Dismiss
Announcing Stack Overflow Documentation

We started with Q&A. Technical documentation is next, and we need your help.

Whether you're a beginner or an experienced developer, you can contribute.

Learn more about Documentation →

# need help understanding inorder successor in Binary Search Tree

I need help in understanding this interview question:

Q: find an algorithm to find the ‘next’ node (e.g., in-order successor) of a given node in a binary search tree where each node has a link to its parent.

Does parent mean the in-order predecessor or just the immediate parent? How would one create a tree where the nodes have a link to the root node or inorder predecessor? Any help in understanding the data structure and the program below would be appreciated...

the solution (As posted in a form) is shown below:

`````` public static TreeNode inorderSucc(TreeNode e) {
if (e != null) {
TreeNode p;

// Found right children -> return 1st inorder node on right
if (e.parent == null || e.right != null) {
p = leftMostChild(e.right);
} else {
// Go up until we’re on left instead of right (case 2b)
while ((p = e.parent) != null) {
if (p.left == e) {
break;
}
e = p;
}
}
return p;
}
return null;
}

public static TreeNode leftMostChild(TreeNode e) {
if (e == null) return null;
while (e.left != null) e = e.left;
return e;
}
``````
-

## 1 Answer

When nodes store pointers to their parents, it almost always maeans their immediate parents and not their successors. The question in this interview is then how to navigate the tree to find the inorder successor.

The way to find an in order successor is to think about what would happen if you were to recursively do an in order walk of the tree, then to mimic what would happen next. In particular, the logic for an in order traversal always visits all of a node's left subtree, then the node itself, and then the right subtree. To find the in order successor, you need to see what case you're in.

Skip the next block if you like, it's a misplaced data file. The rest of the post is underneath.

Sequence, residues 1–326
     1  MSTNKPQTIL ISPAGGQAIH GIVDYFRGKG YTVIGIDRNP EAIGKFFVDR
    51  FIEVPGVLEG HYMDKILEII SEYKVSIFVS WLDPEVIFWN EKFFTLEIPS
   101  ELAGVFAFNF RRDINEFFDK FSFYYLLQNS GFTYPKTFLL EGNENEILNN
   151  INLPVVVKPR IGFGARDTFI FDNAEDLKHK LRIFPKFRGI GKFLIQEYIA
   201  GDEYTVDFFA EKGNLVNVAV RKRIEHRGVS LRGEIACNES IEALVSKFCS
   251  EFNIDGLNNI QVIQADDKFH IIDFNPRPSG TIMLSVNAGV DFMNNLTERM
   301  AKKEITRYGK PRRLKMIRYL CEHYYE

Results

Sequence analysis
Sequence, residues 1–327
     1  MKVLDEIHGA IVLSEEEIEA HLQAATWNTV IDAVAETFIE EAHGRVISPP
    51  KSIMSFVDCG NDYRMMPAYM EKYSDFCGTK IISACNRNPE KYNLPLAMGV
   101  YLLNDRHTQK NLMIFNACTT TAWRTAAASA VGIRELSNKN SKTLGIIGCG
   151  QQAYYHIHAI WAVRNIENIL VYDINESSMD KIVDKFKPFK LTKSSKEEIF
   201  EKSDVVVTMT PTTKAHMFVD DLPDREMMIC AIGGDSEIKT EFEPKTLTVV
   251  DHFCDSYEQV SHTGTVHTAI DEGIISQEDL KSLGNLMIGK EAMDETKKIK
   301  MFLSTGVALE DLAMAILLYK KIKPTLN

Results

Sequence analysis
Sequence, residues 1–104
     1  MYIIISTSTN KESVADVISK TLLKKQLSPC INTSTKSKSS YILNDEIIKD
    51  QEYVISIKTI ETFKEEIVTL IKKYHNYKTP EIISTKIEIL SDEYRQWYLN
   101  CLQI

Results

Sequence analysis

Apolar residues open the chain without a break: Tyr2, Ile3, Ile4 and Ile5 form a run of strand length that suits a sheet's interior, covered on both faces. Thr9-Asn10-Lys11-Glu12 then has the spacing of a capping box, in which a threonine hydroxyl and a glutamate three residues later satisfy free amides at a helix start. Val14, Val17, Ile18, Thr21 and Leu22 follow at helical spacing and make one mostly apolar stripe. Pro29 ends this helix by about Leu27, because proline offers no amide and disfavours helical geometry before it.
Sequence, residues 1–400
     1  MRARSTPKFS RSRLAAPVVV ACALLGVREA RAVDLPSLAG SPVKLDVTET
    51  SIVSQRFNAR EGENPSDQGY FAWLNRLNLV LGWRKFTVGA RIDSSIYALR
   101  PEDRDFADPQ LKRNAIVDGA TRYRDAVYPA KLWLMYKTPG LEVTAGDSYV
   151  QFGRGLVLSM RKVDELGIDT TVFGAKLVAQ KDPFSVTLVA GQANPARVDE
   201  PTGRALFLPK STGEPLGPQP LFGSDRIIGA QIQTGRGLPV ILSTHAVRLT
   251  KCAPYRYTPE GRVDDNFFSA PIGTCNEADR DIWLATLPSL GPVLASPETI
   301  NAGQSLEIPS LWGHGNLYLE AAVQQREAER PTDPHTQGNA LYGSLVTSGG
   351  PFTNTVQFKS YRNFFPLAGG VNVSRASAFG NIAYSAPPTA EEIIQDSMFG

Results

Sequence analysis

If the node you're currently at has a right subtree, then the in order successor of that tree must be the very first node that would be visited in that subtree during an in order traversal, which is the smallest element of that tree. You can find this by descending into the right subtree, then marching down the left spine of the tree until you find the leftmost node.

If the node does not have a right subtree, then it's the largest node in some subtree. If you think about how the recursion works, the next step in an in order traversal would be to have all the recursive calls that just finished expanding their right subtrees return. Once this last frame returns, you'll visit the node of the first tree that expanded just its left subtree. Consequently, the in order successor of the node can be found by walking up the tree until you reach a node that's a left child. The parent of this node is then your successor. Alternatively, as an edge case, if you hit the root of the tree, that would also be your successor.

Hope this helps!

-
Excellent answer. I'd recommend just draw the cases on paper, as mentioned by templatetypedef and you'll be able to follow the answer and figure it out very easily. – brainydexter Mar 7 '11 at 16:14
thanks..made complete sense.. – maxpayne Mar 7 '11 at 17:02
"the logic for an in order traversal always visits all of a node's right subtree, then the node itself, and then the left subtree." Is not to visit first all of a node's LEFT subtree, then the node itself, and then the RIGHT subtree ? – Tito Nov 27 '12 at 13:31
@Tito- Whoops! You're absolutely right. Fixed. – templatetypedef Nov 27 '12 at 18:30